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Biden's Rhode Island connection

 

He might be here in Rhode Island, not Denver, but Scott MacKay comes up with a good yarn, offering another reminder of why he and his mental treasure trove of poltical nuggets will be missed when he leaves the ProJo next month:

Joe Biden's speech at the Democratic National Convention tonight will undoubtedly show his passionate side; vice-presidential candidates traditionally are a presidential ticket's designated attack dogs.

Rhode Islanders of a certain age will remember another time that Biden spoke from his heart -- at the September 2000 funeral of the legendary Rhode Island U.S. senator and governor, John O. Pastore. After a masterful eulogy from Sen. Edward Kennedy, Biden told of Pastore's counsel in 1972, when he was first elected to the Senate from Delaware.

Between Biden's November election and January swearing-in as a senator, his first wife and daughter died in an auto accident on their way to pick up a Christmas tree. Biden was so distraught that he wanted to leave politics without even being sworn in.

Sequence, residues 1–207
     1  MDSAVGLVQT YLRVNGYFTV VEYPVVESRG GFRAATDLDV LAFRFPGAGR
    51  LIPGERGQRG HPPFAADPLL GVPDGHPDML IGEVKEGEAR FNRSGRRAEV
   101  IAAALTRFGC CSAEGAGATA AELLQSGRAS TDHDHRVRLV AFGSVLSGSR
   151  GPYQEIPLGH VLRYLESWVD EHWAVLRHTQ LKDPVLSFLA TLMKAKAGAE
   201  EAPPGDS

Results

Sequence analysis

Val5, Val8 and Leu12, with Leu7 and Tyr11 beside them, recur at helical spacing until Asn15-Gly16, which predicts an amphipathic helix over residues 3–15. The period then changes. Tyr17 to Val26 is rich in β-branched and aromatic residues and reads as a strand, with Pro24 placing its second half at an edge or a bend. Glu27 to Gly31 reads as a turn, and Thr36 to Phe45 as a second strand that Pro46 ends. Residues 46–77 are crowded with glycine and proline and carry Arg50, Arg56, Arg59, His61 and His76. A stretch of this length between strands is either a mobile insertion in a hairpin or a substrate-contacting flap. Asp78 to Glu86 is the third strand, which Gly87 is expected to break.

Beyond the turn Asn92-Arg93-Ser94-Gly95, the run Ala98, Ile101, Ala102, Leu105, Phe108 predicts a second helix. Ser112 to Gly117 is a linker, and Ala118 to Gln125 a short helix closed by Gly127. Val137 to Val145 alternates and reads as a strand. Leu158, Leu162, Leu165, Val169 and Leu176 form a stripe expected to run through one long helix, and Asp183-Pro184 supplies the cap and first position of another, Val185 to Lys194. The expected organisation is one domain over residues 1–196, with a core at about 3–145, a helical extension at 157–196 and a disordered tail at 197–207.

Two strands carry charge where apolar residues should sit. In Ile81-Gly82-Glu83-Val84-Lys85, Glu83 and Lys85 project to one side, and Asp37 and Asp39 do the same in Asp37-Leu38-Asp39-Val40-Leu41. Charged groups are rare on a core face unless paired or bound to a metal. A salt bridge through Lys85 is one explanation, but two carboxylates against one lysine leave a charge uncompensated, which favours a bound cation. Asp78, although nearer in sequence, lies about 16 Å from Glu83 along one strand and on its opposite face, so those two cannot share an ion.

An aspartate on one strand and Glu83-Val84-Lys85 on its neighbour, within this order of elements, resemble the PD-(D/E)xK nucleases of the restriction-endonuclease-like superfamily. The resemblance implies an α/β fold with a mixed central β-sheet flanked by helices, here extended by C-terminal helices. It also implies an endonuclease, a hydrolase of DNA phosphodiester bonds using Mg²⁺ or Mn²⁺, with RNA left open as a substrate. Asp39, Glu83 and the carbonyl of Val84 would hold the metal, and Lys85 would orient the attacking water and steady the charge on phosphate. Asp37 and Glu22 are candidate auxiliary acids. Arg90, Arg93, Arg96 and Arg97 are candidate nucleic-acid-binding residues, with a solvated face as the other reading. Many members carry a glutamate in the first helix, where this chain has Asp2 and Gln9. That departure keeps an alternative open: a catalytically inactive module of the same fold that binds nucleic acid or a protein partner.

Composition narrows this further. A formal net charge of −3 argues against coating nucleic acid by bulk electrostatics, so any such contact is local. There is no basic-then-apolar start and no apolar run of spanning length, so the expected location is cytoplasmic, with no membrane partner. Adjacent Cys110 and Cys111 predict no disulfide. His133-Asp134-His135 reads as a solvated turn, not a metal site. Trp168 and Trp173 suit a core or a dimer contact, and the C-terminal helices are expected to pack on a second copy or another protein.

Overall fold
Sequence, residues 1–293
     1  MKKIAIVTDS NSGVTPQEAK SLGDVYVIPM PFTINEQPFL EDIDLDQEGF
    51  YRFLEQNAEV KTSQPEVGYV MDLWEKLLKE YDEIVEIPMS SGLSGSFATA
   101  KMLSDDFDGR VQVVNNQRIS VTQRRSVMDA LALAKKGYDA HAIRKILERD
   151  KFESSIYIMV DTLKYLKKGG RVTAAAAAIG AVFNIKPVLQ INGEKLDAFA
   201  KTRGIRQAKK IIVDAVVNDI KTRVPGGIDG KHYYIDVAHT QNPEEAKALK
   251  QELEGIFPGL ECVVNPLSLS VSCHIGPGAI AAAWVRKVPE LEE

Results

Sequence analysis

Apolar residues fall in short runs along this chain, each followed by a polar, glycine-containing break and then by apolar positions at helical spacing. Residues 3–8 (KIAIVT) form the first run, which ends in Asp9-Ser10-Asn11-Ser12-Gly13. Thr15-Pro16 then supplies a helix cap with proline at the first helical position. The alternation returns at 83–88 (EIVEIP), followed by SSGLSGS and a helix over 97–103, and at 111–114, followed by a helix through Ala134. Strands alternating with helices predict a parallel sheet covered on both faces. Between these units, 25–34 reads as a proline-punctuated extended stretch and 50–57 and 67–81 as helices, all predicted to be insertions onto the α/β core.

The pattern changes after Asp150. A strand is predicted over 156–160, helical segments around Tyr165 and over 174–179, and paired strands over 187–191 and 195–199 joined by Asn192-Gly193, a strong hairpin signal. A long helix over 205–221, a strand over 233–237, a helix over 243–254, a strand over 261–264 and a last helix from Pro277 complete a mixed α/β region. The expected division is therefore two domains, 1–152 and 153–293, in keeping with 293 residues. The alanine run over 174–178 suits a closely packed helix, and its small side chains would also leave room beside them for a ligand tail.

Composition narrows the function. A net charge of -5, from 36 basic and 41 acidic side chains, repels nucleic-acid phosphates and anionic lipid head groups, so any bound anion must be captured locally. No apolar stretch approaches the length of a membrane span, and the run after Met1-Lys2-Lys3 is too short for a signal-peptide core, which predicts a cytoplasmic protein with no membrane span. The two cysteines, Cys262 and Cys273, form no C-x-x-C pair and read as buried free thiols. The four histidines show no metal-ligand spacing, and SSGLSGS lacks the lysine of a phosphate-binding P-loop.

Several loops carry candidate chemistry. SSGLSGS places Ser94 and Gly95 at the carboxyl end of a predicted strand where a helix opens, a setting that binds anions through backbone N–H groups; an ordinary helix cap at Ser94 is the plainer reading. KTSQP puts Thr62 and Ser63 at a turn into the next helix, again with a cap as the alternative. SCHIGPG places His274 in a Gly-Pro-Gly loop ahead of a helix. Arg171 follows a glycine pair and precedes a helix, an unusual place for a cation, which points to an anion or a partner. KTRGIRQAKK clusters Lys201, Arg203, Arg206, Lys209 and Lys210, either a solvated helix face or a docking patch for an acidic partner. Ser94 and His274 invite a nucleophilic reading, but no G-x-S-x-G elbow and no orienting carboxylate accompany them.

Pastore went to see Biden, who then was only 30 years old. A blunt Pastore told Biuden his life story, as a poor son of Italian immigrants who was raised in a cold-water flat on Federal Hill, which early in the 20th Century was a neighborhood of squalor and poverty.

A blunt Pastore told Biden that he was "an Irish Catholic kid from nothing'' who made it to the Senate and must take his seat. Biden took his advice and tonight he becomes his party's vice-presidential candidate.

Pastore died at age 93 in 2000. He rose from his poor beginnings on Federal Hill to become the first Rhode Island governor of Italian heritage and the first Italian-American elected to the U.S. Senate.

First elected to the General Assembly in 1934, Pastore built a political career that spanned four decades as he climbed the ladder from state representative to assistant attorney general, lieutenant governor and governor. In 1950 he was elected to the Senate and served until he retired in 1976. Republican John H. Chafee won election to succeed Pastore in 1976 and kept the seat until his death in 1999.

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